M = Magnitudes (usually at maximum light)
O = Occultation observations
P = Infrared polarimetry
R = Radar observations
S = Surface resolved (e.g. speckle data, adaptive optics)
T = Thermophysical modelling
V = Visual position angles
X = Radar speckles
Z = Zero and non-zero amplitude apparitions imply pole-on view in former case


The direction of the spin vectors (defined by the "right-hand-rule") are given in degrees in the ecliptic system for equinox J2000.0. Some older determinations where obtained in the ecliptic system for equinox B1950.0, however the difference in longitudes (about 0.7°) is far below the level of accuracy of the spin vector solutions.

The table contains column space for four spin vector directions per line. These reflect the symmetry properties of most spin vector determinations. Methods based on aspect dependences (e.g. amplitude and magnitude methods) tend to give two spin axis solutions for main-belt asteroid with moderate orbital inclination (due to the near symmetry of the observational geo-metries in the ecliptic plane). Corresponding to each spin axis solution we have two opposite spin vector directions, which are given explicitly in the table. Thus, whenever the method used does not contain information on the sense of rotation I interpret "poles" as spin axis solutions and calculate the implicit spin vector directions. The result is generally four different solutions. I try to put the two prograde ones in the two left columns the two retrograde ones in the columns to the right. If subsequent determinations agree reasonably then corresponding solutions appear in the same column, making comparison easy. The 4-fold symmetry is not applicable to certain objects. The distinction between the four groups may break down for objects in high inclination orbits (e.g. 2 Pallas), for objects with spin axes close to the ecliptic plane, and for objects whose lightcurves are difficult to interpret (e.g. 532 Herculina). For Earth-approaching objects it often reduces to a 2-fold clustering. The newest spin vector determination methods give single best fitted solution.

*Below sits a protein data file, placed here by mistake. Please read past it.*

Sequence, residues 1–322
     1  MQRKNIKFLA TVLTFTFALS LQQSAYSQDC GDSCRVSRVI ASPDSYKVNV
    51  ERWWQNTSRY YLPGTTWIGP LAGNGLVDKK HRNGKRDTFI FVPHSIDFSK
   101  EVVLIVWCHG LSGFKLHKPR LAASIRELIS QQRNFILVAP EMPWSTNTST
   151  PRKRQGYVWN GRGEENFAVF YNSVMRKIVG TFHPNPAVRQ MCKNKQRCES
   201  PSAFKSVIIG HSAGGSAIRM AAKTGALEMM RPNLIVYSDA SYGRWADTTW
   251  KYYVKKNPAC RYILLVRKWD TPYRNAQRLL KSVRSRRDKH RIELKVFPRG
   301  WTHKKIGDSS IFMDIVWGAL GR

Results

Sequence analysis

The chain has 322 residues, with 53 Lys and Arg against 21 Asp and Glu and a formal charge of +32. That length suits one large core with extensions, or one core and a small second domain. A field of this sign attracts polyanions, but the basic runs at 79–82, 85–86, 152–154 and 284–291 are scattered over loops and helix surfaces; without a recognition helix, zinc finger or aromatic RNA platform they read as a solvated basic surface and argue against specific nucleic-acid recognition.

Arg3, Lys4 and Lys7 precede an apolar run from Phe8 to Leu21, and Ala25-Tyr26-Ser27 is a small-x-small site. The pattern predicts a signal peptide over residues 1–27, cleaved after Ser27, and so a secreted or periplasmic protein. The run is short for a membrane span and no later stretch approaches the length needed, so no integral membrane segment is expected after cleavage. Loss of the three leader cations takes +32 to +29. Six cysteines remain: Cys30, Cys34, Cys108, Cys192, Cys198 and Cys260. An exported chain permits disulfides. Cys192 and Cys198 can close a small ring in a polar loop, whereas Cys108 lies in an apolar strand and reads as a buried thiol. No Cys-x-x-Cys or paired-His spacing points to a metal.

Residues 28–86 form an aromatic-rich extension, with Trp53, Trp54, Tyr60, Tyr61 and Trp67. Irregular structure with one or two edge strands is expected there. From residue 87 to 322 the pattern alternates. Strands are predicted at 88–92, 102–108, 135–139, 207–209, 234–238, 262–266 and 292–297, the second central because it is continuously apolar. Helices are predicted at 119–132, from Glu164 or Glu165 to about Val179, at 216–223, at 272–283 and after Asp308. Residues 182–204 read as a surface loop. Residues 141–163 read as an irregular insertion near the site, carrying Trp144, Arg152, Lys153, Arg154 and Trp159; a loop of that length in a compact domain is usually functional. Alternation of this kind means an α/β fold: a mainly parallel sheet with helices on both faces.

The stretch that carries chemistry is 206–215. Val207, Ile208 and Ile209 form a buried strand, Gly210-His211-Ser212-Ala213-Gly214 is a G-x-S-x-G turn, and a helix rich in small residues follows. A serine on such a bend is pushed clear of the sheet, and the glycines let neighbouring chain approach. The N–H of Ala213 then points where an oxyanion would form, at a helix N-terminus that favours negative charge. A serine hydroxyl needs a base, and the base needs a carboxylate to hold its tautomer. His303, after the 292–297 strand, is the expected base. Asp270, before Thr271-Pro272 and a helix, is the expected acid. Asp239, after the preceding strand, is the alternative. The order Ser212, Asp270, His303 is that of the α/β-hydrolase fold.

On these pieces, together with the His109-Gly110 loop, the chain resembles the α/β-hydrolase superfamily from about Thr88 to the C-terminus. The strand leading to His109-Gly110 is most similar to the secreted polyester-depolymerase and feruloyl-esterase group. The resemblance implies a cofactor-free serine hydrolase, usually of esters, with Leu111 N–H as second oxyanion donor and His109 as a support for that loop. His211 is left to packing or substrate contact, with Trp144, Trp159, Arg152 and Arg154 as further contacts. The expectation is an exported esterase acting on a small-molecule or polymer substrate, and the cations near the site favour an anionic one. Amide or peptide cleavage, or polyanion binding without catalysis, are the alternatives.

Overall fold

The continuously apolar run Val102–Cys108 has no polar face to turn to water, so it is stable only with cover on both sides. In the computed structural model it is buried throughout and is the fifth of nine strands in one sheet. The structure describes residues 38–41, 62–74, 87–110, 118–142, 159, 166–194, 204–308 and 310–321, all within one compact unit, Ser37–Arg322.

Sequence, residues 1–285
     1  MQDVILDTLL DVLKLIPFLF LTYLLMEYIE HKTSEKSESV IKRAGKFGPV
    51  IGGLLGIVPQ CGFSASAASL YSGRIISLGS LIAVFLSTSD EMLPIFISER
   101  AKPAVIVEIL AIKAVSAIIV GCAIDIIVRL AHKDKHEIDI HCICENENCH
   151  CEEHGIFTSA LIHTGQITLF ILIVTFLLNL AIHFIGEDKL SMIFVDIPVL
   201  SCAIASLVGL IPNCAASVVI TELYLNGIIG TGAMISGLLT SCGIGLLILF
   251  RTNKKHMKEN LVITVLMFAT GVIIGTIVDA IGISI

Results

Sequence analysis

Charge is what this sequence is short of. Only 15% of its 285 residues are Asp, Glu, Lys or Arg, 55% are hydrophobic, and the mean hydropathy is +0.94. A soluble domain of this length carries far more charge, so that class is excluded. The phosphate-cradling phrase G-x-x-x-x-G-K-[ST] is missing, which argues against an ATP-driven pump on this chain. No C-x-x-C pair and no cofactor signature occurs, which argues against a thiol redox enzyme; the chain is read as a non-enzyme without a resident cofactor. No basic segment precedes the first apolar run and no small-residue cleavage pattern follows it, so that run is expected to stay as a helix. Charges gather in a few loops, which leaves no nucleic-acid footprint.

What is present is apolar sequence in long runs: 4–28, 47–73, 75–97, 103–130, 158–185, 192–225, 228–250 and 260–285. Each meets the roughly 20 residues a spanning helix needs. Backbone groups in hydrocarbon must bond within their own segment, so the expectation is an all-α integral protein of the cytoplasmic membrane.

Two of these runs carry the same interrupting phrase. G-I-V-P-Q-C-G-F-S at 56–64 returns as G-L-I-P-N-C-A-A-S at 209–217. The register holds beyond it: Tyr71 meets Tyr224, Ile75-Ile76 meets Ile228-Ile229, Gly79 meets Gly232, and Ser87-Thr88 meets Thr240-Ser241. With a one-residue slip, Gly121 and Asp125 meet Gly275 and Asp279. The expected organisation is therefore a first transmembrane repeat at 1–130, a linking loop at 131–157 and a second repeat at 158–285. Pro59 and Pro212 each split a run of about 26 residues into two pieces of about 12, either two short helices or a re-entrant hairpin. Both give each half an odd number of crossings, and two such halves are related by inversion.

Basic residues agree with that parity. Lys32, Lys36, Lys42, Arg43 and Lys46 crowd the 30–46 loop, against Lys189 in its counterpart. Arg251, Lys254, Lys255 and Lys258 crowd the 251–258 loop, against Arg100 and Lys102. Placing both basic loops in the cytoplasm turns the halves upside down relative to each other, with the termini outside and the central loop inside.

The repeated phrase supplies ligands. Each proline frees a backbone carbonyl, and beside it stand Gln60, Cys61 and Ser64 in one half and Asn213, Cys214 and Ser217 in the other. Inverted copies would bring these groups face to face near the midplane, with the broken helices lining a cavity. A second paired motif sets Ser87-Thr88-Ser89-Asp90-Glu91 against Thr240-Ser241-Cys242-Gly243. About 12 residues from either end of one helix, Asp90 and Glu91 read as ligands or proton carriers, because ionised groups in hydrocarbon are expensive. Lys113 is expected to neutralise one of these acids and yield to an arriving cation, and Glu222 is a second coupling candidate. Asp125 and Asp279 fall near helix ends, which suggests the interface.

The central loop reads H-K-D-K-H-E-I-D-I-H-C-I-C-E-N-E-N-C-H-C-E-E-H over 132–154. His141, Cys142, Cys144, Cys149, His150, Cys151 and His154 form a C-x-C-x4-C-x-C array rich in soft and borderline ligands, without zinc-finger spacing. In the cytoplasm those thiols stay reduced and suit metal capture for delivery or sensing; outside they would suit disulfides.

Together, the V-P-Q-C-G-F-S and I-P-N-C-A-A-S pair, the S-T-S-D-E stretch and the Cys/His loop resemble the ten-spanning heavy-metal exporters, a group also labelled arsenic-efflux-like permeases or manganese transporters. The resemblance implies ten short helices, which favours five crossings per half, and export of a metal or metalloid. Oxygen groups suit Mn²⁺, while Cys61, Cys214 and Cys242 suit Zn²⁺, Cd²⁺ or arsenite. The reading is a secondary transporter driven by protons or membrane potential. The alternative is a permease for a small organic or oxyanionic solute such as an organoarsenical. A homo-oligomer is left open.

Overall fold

Only periods accurate enough to bridge inter-apparitional gaps and produce absolute rotational phases for the whole data set are included. Less accurate synodic period determinations exist for many more objects. As evident from the table, the agreement between sidereal period determinations tend to be either very good or very bad. This is due to the non-uniform time-distribution of the observations, which tend to give many well-defined local chi-square minima.


Many pole determination methods are based on a tri-axial ellipsoid model with semi-axes a≥b≥c rotating about the c-axis. Corrections for non- geometric scattering and albedo variegation have often not been made. A warning must therefore be made against direct identification of the model axis-ratios with the asteroid shape. Note that the table is not a comprehensive list of asteroid shapes, but includes models obtained as by-products of spin vector determinations only.


The reference codes are formed by 2-3 letters of the first author name, followed by '+' if there are more authors, and the last two digits of the publication year. Full expansions of the codes are given in the reference list.